Community input sought as Lawrence school district develops 5-year strategic plan

photo by: Ashley Hocking/Journal-World File Photo

In this Journal-World file photo from Jan. 29, 2018, Lawrence school district Superintendent Anthony Lewis speaks at the Lawrence school board meeting in district offices, 110 McDonald Drive. Behind him are board members Melissa Johnson and Kelly Jones.

The five-year strategic plan the Lawrence school district will develop this spring will be an inclusive community effort that will spell out specific steps for improvements and will keep people accountable, Lawrence Superintendent Anthony Lewis vows.

The strategic planning process is new to the district, said board member Shannon Kimball. While serving as board president last year, she suggested that the district develop a five-year strategic plan as a way to bring more continuity to planning and goal setting and as a way to share a vision for district improvement with the community.

Lewis, who started with the district July 1, said community involvement in the strategic plan started with his six-stop listening and learning tour during his first 100 days on the job. It continued with a survey made available this fall to students, teachers, classified staff, parents and community partners, he said. The survey asked respondents to identify district strengths, areas needing improvement, how the district could raise academic achievement and eliminate achievement gaps among students of different ethnic and income groups and to identify the district’s budget priorities.

“We had 542 students, 284 parents, 188 employees and 113 community members complete the survey,” he said.

Information gleaned from the tour and the survey will help identify priorities for the strategic plan, Lewis said. Those priorities already identified include increased academic achievement for all students, the hiring of more minority faculty and increased compensation for teachers and paraprofessionals.

The listening tour and survey were only the first two opportunities the public had to shape the strategic plan, Lewis said. More will be available as work starts in earnest on the plan in the spring semester, he said.

The Lawrence school board will be asked in January to hire a consultant to facilitate development of the plan and its public involvement process, Lewis said. The district leadership team has trimmed the list of consulting firms it is considering recommending to the board to two, he said.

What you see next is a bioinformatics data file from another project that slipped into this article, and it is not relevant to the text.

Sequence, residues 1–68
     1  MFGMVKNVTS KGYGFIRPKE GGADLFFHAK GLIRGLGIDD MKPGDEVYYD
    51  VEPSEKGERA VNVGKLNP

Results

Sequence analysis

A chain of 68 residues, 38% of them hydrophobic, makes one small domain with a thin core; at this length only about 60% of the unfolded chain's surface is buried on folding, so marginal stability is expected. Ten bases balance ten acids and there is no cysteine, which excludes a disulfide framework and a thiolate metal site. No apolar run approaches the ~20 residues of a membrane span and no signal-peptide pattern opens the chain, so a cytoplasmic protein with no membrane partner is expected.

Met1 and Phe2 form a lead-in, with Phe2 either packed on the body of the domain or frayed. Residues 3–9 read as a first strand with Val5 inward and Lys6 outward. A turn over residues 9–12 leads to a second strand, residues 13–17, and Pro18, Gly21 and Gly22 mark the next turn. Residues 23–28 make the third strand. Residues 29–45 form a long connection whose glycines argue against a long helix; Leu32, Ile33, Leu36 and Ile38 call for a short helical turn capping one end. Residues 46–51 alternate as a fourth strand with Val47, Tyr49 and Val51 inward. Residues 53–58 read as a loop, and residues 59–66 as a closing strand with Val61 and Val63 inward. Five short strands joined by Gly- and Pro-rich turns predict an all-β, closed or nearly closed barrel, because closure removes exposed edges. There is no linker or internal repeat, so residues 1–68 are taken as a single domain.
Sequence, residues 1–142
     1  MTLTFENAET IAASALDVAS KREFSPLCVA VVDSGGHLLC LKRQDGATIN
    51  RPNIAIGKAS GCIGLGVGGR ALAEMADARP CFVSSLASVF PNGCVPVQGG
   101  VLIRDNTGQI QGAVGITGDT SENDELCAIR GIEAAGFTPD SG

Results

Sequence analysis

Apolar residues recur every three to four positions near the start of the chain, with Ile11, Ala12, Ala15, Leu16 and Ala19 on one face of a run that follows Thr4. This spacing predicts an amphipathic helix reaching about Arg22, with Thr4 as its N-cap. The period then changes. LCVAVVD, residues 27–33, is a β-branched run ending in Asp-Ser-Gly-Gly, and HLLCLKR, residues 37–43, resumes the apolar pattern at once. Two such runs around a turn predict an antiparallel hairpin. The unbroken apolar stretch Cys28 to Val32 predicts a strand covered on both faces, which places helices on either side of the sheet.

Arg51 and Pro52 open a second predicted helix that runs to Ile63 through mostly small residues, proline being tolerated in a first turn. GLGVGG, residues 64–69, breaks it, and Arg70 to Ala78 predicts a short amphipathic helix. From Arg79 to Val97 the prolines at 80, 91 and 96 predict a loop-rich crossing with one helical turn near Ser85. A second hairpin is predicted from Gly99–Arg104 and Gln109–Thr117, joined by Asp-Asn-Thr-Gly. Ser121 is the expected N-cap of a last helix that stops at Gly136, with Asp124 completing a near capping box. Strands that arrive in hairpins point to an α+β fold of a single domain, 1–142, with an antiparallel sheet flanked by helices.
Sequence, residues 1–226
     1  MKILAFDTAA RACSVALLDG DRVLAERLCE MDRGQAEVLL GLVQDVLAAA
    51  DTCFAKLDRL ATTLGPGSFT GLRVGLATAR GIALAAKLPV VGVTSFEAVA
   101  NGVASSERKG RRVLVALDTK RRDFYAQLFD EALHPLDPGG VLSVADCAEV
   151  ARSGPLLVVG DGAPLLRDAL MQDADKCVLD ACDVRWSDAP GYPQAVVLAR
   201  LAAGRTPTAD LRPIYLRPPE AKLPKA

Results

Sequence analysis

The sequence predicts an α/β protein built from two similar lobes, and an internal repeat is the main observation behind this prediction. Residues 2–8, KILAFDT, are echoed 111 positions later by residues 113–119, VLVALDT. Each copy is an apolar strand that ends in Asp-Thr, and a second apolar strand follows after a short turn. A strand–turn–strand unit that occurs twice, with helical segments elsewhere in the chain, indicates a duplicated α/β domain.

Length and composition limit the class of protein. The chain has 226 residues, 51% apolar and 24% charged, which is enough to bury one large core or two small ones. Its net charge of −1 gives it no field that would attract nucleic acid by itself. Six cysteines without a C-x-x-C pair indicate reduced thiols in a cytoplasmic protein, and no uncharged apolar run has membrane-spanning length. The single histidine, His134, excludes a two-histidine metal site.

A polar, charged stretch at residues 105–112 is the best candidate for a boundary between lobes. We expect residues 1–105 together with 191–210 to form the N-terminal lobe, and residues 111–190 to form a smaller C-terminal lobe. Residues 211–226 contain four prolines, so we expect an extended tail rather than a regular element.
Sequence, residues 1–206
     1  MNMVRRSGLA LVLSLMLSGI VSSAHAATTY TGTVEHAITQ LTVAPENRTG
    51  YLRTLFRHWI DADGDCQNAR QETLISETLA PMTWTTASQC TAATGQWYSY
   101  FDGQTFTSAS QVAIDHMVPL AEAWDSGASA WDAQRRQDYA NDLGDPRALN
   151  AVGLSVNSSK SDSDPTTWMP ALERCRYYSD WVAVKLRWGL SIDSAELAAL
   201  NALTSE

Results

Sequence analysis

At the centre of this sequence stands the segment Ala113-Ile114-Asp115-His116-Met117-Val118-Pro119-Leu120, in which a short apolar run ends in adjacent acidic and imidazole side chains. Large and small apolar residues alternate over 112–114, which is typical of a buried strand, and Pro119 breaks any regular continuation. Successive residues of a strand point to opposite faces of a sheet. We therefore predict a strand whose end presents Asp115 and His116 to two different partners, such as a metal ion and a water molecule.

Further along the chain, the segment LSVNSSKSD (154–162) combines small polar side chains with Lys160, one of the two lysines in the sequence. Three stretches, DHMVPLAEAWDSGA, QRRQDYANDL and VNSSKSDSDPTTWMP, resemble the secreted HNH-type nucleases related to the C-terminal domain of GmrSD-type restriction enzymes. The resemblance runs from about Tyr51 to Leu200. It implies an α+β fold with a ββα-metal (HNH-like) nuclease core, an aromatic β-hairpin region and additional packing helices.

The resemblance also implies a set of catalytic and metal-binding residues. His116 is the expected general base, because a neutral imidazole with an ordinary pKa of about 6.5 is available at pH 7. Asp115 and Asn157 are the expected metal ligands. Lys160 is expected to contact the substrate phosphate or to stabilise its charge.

“One of the things we talked about is we already have a great deal of data,” he said. “We had consultants who wanted to come in and identify needs, but we’ve already done that. We wanted to assure the public that the consultant will use the data we’ve already collected from them.”

Lewis said he expected that within days after a firm is selected, the consultant will provide a plan of how to gather a group of stakeholders to provide input on developing the plan and communicate to the public how to get involved. The district has a head start on the process because it collected the names and emails from a lot of people attending the listening tour who were interested in being a part of the plan’s development, Lewis said.

The plan will be presented to the school board in June or July for approval and will inform decisions on such things as staffing and curriculum for the 2019-2020 school year, Lewis said.

The approved strategic plan will articulate goals, provide action plans to achieve defined outcomes and a provide for regular monitoring of the effectiveness of the action steps in accomplishing their intended purposes.

“Yes we will have goals and actions steps, but what are the building practices, leadership practices and what are those organizational practices we should be doing as a district to reach those goals and how are we monitoring that?” he said. “That’s one of the things I’ve found lacking in strategic plans or individual school improvement plans. Districts have done a good job of identifying needs, have done a good job of articulating goals and maybe they’ve done a good job of identifying action steps, but what I’ve seen school districts struggle with is the full disciplined implementation of monitoring of plans.”

The community’s involvement in the strategic plan will continue through the sharing of monitored results with the public, Lewis said. That will start with the plan’s approval. Although it’s a five-year plan, the district will start implementation and monitoring progress immediately, he said.

“Going back to the community will not be just a check-the-box exercise,” he said. “We need public input on this because we want the community to be involved in the implementation of the plan as well as holding us accountable in terms of: ‘I was involved in the plan, and you said we’d be doing X, Y and Z. It’s six months down the road, how are we doing with the plan?'”

Community buy-in will help keep the district accountable for achieving its goals, Lewis said.

“This is not my plan, the board’s plan or the district’s plan,” he said. “We want members of the community to see themselves in the plan. We want to be held accountable. We want full community involvement in the development, implementation and monitoring of the plan.”


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